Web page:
News and Analysis
Despite reports of impending doom, the nation’s top three pay TV services actually gained a net of 179,000 video subscribers in the fourth quarter.
AT&T, which owns DIRECTV, U-verse and DIRECTV Now, added a net of 161,000 video customers in the fourth quarter. Charter added a net of 15,000 (including its business subscribers) while Comcast lost a net of 33,000.
Dish, the fourth largest pay TV operator, will release its subscriber numbers for the fourth quarter tomorrow while Verizon, the fifth largest, lost a net of 29,000 video customers in the time period.
While a poor performance by Dish could change the overall outlook, the fourth quarter numbers from the top three pay TV operators suggest the industry has at least slowed the bleeding.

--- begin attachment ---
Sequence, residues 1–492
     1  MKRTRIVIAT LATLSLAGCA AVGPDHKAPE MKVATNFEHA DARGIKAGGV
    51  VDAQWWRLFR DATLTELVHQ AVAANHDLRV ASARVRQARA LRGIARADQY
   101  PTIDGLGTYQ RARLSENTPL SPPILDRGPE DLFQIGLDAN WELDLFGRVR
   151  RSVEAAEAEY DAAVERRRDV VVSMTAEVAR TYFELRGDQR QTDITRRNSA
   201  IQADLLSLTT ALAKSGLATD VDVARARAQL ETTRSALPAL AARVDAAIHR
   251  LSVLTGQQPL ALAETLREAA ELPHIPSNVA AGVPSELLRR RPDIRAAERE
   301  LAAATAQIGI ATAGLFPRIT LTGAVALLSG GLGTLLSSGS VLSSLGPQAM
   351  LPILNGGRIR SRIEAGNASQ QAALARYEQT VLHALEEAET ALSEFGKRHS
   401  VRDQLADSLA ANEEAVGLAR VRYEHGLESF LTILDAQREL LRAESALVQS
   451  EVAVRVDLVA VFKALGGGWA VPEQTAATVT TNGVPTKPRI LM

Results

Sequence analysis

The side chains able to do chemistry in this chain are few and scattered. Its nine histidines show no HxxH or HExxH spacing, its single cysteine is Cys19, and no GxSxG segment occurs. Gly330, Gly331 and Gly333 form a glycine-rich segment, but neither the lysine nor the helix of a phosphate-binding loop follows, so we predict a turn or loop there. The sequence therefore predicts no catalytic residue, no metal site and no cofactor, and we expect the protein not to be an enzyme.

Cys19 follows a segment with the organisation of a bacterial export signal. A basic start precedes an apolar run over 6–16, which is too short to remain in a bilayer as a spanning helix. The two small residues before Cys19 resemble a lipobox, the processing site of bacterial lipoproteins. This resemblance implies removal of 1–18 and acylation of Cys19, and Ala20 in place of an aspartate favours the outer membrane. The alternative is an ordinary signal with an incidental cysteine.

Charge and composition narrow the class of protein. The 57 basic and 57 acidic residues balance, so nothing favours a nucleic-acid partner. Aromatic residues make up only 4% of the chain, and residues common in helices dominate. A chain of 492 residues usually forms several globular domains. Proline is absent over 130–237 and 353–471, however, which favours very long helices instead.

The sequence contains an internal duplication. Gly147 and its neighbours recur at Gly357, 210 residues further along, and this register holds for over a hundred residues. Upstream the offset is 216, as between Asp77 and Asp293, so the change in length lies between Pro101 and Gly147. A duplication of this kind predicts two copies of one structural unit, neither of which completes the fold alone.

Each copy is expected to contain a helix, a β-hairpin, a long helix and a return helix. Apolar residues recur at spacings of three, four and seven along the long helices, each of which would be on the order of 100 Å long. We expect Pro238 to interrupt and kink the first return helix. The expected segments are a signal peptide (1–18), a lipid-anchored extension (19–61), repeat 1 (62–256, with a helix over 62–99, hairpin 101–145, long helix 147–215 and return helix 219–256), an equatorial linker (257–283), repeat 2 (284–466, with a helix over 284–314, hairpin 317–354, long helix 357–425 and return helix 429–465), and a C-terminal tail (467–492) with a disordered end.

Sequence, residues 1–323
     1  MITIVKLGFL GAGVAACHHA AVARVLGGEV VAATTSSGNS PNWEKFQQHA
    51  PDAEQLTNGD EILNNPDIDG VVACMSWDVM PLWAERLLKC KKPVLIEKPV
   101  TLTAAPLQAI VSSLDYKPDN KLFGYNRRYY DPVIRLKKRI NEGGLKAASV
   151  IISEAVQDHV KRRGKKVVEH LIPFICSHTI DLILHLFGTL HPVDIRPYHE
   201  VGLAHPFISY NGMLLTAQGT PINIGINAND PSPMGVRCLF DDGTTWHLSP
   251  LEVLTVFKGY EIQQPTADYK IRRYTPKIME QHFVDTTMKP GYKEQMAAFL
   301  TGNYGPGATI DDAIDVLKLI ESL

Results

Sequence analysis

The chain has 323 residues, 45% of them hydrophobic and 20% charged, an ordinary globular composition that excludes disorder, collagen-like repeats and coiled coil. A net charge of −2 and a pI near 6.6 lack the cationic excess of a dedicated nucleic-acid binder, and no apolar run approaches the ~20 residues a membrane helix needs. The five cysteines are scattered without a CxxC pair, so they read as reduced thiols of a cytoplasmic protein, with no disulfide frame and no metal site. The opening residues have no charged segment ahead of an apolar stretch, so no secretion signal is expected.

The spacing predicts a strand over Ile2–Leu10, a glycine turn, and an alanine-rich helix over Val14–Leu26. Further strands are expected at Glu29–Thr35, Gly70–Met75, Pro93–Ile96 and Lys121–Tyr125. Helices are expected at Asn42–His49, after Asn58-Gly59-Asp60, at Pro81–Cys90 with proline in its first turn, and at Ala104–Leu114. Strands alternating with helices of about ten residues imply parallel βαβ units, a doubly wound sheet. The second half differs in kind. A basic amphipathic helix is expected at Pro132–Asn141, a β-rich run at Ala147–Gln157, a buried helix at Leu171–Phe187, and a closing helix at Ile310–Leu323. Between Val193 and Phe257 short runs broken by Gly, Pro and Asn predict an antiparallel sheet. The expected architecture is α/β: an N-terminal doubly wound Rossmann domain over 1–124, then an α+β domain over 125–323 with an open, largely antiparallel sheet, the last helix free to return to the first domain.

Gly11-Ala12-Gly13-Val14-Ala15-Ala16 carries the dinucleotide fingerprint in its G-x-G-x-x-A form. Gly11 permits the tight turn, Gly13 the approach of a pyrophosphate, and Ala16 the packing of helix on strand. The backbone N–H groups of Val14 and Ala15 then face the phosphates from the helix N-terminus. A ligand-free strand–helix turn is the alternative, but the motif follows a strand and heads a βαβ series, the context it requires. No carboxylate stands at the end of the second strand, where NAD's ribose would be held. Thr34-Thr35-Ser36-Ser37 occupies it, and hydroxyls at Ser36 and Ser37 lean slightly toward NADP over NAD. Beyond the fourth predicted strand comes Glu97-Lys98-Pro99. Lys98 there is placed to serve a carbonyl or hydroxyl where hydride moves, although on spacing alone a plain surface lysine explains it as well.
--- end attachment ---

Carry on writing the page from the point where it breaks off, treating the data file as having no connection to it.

And there’s a reason. Live streaming.
AT&T’s net gain in last year’s fourth quarter was driven by DIRECTV Now, the live streaming service that added 368,000 customers in the time period. Without DIRECTV Now, AT&T’s video business (DIRECTV, U-verse) would have lost 207,000 video subs in last year’s fourth quarter.
And if Dish reports a solid fourth quarter as well, it will likely be the result of subscriber gains from Sling TV, the company’s live streaming service.
The traditional pay TV industry (cable and satellite) is still losing subscribers, but pay TV operators just may have found the way to keep consumers in the fold.
— Phillip Swann